A personal examination of your anus and/or vagina with a finger (covered in a sterilised glove and a sterilised lubricant).
The use of a lubricated metal adjustable speculum on either anus or vagina (or both), together with a torchlight searc of the cavity..
Being detained in a room with a transparent toilet u-bend subject to video surveillance, until you have defecated; then studying the contents of the excrement. (Yes this may mean you miss your flight.)
A search of the penis and testicles and under the foreskin of the penis.
Undertaking a full ultrasound using a medical ultrasound machine
Because these procedures are low-tech (aside from ultrasound) and most to all law enforcement officers are trained in them, a comprehensive cavity search is likely to be undertaken if a discrepancy on a full body scanner cannot be otherwise resolved.
In virtually every country in the world, the cavity search will be undertaken by at least two persons of the same sex as the person being searched. Having two people present eliminates the risk that a searched person complains of improper treatment during the course of the search.
In many jurisdictions you are free to decline the cavity search but then you will not be permitted to fly and you will be escorted from the airport premises. In some jurisdictions a cavity search, when required by the airport authorities, is mandatory. (It is also mandatory on most prison admissions across the world, and in some countries upon arrest or in Germany even upon temporary detention on suspicion of narcotics offences whereupon a cavity search will routinely be undertaken before a person is at liberty to go.)
If contraband is found during the course of the cavity search, you will be arrested and charged as may be appropriate.
Depending on the jurisdiction:
You may be at liberty nor to reply to questions (but then you will not fly).
You may be obliged to answer questions on pain if criminal sanctions (this is UK law at an airport).
There may be a maximum period during which you can be questioned (in UK law it is nine hours; and yes you can miss your flight).
You may or may not have right of access to a lawyer (generally not at airports).
The questioning may or may not be limited to questions relating to your travel.
Giving a false answer will typically be a criminal offence, rendering you liable to arrest and imprisonment.
The interview is likely to be recorded in some shape or form; beware written minutes in a language you do not understand, that you may be asked to sign - refuse to do so and explain why ('I don't understand what the minutes say') and ask that the minutes incorporate your observation.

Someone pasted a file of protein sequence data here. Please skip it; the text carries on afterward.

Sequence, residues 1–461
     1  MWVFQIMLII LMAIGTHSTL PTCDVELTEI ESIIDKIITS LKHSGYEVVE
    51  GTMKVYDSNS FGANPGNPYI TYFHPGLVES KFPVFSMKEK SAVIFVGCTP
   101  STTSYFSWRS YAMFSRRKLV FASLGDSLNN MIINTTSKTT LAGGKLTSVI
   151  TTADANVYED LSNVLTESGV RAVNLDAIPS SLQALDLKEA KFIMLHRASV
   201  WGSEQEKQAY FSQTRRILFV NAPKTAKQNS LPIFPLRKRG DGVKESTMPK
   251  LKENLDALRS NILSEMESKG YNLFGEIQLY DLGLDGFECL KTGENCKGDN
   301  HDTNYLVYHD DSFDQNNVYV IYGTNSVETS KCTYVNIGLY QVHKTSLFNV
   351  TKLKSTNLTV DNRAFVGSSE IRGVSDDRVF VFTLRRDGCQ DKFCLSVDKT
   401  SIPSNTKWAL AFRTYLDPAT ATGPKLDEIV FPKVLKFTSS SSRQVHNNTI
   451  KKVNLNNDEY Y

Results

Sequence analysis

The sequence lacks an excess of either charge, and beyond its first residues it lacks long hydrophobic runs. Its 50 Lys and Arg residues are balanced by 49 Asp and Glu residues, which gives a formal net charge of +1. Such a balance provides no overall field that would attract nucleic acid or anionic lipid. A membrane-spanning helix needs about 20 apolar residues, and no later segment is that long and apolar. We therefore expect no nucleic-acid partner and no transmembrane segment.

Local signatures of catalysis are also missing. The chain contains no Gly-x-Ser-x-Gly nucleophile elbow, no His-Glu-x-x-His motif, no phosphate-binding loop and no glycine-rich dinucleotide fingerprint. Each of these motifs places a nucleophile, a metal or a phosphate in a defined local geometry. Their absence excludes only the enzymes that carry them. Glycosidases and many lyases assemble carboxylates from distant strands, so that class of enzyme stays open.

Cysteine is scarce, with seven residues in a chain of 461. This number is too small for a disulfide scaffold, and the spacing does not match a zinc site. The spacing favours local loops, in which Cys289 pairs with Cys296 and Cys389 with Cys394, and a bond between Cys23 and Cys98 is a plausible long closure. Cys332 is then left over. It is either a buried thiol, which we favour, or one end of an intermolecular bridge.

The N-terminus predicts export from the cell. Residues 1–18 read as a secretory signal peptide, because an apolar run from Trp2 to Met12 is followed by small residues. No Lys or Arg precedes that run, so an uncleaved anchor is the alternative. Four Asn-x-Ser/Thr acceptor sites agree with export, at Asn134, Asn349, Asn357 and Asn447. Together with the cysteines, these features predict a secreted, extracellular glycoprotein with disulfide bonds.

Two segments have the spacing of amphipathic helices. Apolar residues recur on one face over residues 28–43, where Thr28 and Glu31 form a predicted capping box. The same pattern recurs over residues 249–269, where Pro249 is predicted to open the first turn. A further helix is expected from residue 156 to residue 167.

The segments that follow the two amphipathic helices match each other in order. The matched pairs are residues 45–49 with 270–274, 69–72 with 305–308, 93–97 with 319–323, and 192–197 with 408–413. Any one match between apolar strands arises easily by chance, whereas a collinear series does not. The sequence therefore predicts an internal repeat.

Access to your mobile other other electronic devices may be demanded and in many countries it is a crime to refuse to comply with such a demand.
At the same time as questioning you the police may be undertaking background checks on you, your friends and your family to seek to corroborate (or otherwise) what you are telling them.
You may not be offered any food (or if you are it will be at your own expense from an airport dispensary) but you will typically be allowed to use the toilet (the contents of your expulsions will be monitored) and take water.
Also note an arrival habit if you are on a list of people under particular suspicion. You will be guided to an immigration officer who is really a specially trained police officer in disguise, who will intentionally ask you questions with a view to catching you out and thereby denying you entry to the country and/or arresting you and/or incarcerating you in an immigration detention centre. If you think you are at risk of such a procedure, consult expert legal advice beforehand as you will not have the opportunity to consult a lawyer upon immigration entry questioning.
We provide training for such encounters but we are not the only people to do so.
Personal search of luggage
Once airport security staff are alerted to the presence of potential contraband in luggage, it will be extensively searched and, if necessary, re-x-rayed until the suspicious item is found. (We have all watched as our hand luggage is searched and re-x-rayed at some point.) Airport security staff are very skilled at personal searches of luggage - it is 90 per cent of what they do every day - and it is highly unlikely that they will miss a suspect material to which they are alerted. They may also search the linings of suspect luggage, if necessary cutting it open and damaging it. You will not receive compensation.
If you want to smuggle contraband through an airport, the only way to do so is inside the human body. Even then it is extremely risky. Modern airports are almost entirely sealed environments, and in time they will become completely sealed.
Note of gratitude
We are grateful to two persons familiar with these matters that shared their insights with us so as to make this article possible.
Addendum: non-exhaustive list of international airports in Europe and elsewhere deploying full body scanners
Virtually every US international airport
Italian international airports
Every international airport in Australia
Every international airport in Canada
We welcome all updates to this list as people travel and observe. Please email firstname.lastname@example.org with the subject title 'Scanners'.